A California retailer has to pay its own legal fees in a consumer protection suit filed against it by the state, the Ninth Circuit said Thursday.
Under California insurance law, an insurer is prohibited from paying legal fees for any insured sued by the state under its Unfair Competition Law and False Advertising Law.
When Adir International LLC, which runs the retail chain Curaco in California, was sued by the state under the two statutes, it asked its insurer, Starr Indemnity and Liability Company, to cover its legal fees. Although its contract with Adir said it would, Starr changed its mind after California pointed out the prohibition.
Adir claimed the state stripped it of its due process right to have its insurer cover its defense. The district court disagreed and ordered Adir to return the $2 million in fees Starr had already paid.
The due process right to counsel in civil suits only applies in extreme scenarios where the government substantially interferes with a party’s ability to communicate with its lawyer or actively prevents a party that is willing and able to obtain counsel from doing so, the opinion by Judge Kenneth K. Lee said.
There is no reason to enlarge the right here, the U.S. Court of Appeals for the Ninth Circuit said. While Adir complains that California’s prohibition is unfair, “the statute does not actively prevent Adir from obtaining counsel or communicating with its lawyers,” it said.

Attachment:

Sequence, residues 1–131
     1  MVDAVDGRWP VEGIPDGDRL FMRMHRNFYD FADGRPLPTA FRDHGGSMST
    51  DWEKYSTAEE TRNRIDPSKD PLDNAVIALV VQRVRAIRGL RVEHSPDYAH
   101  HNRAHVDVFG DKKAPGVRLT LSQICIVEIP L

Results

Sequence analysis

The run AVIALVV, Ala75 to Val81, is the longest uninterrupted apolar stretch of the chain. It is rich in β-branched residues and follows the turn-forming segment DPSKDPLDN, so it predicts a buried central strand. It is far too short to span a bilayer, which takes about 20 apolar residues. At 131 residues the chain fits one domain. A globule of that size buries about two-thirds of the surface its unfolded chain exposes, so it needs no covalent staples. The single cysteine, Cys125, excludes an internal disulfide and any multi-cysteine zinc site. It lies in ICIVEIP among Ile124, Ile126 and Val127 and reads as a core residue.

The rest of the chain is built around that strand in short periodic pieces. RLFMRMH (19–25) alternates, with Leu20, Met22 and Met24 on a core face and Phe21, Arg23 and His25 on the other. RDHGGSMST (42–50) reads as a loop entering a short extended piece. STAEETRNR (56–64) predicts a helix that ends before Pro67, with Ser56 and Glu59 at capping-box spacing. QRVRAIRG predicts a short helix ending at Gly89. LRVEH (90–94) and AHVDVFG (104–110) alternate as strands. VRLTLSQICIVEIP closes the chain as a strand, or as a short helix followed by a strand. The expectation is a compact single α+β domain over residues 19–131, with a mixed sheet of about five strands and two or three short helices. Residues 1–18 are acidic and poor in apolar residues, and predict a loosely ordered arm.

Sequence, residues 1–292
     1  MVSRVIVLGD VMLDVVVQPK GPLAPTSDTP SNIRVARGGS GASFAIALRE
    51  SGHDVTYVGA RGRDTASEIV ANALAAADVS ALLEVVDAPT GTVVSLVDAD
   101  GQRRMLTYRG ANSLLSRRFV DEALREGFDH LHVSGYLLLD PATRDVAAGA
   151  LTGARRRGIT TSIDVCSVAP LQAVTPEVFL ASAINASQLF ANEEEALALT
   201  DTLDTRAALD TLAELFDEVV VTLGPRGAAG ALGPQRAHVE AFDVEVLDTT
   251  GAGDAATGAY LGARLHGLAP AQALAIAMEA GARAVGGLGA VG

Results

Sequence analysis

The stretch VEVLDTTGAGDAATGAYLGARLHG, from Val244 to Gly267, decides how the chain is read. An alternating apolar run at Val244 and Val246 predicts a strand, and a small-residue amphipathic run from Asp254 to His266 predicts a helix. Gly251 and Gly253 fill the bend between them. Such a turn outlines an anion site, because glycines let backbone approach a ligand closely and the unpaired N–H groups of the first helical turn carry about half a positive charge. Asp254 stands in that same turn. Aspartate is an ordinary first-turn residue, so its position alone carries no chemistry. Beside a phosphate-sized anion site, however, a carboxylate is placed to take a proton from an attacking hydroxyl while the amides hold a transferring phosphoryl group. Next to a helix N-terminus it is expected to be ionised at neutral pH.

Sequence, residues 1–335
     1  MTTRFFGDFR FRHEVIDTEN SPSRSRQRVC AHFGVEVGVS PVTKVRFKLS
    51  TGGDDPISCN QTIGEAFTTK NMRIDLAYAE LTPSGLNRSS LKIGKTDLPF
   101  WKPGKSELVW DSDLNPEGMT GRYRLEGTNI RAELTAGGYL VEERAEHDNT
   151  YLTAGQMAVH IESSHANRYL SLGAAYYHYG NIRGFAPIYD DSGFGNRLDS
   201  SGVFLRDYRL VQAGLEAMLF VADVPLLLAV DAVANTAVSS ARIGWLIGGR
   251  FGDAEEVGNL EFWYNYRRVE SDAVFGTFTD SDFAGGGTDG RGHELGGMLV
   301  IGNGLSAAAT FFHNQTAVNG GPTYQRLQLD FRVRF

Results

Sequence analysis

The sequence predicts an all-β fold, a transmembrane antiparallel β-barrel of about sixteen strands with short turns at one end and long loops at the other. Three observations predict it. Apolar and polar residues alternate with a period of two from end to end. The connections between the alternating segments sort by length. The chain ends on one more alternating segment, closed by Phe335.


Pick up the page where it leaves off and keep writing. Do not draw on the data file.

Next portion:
“At the end of the day, California’s law only makes it harder, though not necessarily impossible, for a civil litigant to retain the counsel of their choice,” the court said. Adir was also able to obtain competent counsel—without the use of insurance funds—for this appeal, it said.
Judges N. Randy Smith and Matthew F. Kennelly, sitting by designation, joined the opinion.
Klapach & Klapach represented Adir. Troutman Pepper Hamilton Sanders LLP represented Starr.
The case is Adir Int’l LLC v. Starr Indem. & Liab. Co., 2021 BL 138051, 9th Cir., No. 19-56320, 4/15/21.